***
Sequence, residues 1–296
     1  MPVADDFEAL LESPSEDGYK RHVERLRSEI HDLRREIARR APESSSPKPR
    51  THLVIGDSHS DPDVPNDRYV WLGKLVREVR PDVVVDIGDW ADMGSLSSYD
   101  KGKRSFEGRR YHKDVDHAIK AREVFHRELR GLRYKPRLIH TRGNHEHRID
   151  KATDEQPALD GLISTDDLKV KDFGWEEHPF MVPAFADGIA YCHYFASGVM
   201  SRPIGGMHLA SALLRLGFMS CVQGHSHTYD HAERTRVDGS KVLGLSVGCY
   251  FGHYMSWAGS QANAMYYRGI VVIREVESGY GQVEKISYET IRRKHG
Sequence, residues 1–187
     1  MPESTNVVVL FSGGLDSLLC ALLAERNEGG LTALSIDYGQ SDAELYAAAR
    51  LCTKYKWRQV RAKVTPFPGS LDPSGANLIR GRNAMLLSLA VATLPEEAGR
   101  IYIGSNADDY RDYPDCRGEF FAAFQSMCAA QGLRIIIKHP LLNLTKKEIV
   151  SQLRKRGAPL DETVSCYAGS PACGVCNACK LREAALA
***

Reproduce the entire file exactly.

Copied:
Sequence, residues 1–296
     1  MPVADDFEAL LESPSEDGYK RHVERLRSEI HDLRREIARR APESSSPKPR
    51  THLVIGDSHS DPDVPNDRYV WLGKLVREVR PDVVVDIGDW ADMGSLSSYD
   101  KGKRSFEGRR YHKDVDHAIK AREVFHRELR GLRYKPRLIH TRGNHEHRID
   151  KATDEQPALD GLISTDDLKV KDFGWEEHPF MVPAFADGIA YCHYFASGVM
   201  SRPIGGMHLA SALLRLGFMS CVQGHSHTYD HAERTRVDGS KVLGLSVGCY
   251  FGHYMSWAGS QANAMYYRGI VVIREVESGY GQVEKISYET IRRKHG
Sequence, residues 1–187
     1  MPESTNVVVL FSGGLDSLLC ALLAERNEGG LTALSIDYGQ SDAELYAAAR
    51  LCTKYKWRQV RAKVTPFPGS LDPSGANLIR GRNAMLLSLA VATLPEEAGR
   101  IYIGSNADDY RDYPDCRGEF FAAFQSMCAA QGLRIIIKHP LLNLTKKEIV
   151  SQLRKRGAPL DETVSCYAGS PACGVCNACK LREAALA